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                                   My Story

I open first my left eye, then my right one. It's a struggle to bring the room into focus. Oh God not again! My head is pounding, my eyes are blurred. Slowly, I then come to the realization that it was another night of hard drinking. God, when will it ever stop. The room is empty except for the crumpled sheets that lay at my feet. The sweat soaked sheets smell musty. The early morning sunlight cuts the room and bed in half. Struggling out of bed and to my feet, I call out to my wife, but she is not there. Steadying myself on the wall, I creep down the hall to see if my children are up yet. Their cluttered room is silent, empty. She finally did it, left me, taking the kids with her. She said she would do it thousands of times before. I turn to walk back to my room when I catch a glimpse out of the corner of my eye, the family portrait that hangs in the hallway.  Look at us all smiling, me holding our son and my wife holding our daughter. Didn't we take that picture at Walmart last year? Oh if only I could return to that happy day, erase the last few drunken years, come back, I promise I would give anything, I promise. I swear. I will stop all this madness. I promise, please come back, I promise.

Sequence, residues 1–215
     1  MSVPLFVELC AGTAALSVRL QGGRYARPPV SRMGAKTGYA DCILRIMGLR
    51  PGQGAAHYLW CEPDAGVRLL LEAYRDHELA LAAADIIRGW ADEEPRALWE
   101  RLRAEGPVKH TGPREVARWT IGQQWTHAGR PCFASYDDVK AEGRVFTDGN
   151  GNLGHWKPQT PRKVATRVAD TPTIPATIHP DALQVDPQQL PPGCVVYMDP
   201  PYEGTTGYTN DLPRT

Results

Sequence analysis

Fast forward, 25 years, clean and sober, a different man than in those dark years. Someone, a friend I think, asked me jokingly at a neighbor's bar-be-que "what do you want to be when you grow up ". I had been asked that question as far back as I could remember. For the first time in my life I finally knew what I wanted to be when I "grew up". I wanted to be a substance abuse and addiction therapist. 

It has now been 33 years since that horrific morning of drunken agony, still clean and sober. I have been blessed with 2 grandchildren. My family loves me, more importantly they respect and trust me.

With all my personal experience in addiction therapy I know that I  am more than capable of helping people who suffer from alcoholism and drug addition because I have been there. I have not just walked a mile but a lifetime in their shoes. I know exactly what they mean when they cry out in anguish and pain "please help me; I can't stop hurting myself and my family". 

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